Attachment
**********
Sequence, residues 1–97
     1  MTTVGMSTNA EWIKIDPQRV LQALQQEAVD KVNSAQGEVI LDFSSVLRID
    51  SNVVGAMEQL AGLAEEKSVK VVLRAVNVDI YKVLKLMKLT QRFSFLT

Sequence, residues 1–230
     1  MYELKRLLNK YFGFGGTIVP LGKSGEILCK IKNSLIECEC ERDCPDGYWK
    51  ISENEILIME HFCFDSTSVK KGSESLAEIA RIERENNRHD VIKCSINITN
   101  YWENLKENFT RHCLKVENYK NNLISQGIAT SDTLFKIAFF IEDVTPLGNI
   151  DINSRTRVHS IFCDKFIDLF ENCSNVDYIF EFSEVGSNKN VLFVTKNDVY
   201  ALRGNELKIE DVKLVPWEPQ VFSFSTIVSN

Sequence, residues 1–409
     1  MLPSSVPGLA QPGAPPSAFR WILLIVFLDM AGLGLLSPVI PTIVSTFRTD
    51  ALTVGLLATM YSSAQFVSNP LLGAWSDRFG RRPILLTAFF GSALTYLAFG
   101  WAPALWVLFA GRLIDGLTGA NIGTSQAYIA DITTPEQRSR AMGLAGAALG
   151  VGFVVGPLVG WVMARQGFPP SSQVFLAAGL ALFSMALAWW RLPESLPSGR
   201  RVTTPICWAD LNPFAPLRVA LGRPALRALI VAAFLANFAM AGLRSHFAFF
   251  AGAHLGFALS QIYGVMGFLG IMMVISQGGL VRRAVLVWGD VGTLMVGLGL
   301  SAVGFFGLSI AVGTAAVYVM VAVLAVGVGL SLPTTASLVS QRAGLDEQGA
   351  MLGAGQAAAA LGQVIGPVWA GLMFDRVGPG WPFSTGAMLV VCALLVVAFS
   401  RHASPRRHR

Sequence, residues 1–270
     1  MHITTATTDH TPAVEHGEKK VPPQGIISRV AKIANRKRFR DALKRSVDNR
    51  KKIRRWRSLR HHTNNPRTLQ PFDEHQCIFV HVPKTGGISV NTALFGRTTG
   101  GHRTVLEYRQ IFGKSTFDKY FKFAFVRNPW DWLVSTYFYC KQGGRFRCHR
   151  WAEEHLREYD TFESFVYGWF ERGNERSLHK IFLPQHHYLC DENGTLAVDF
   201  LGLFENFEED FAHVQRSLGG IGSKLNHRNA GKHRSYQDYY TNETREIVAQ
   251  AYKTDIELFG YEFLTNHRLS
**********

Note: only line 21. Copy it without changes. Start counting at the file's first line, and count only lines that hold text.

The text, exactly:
     1  MHITTATTDH TPAVEHGEKK VPPQGIISRV AKIANRKRFR DALKRSVDNR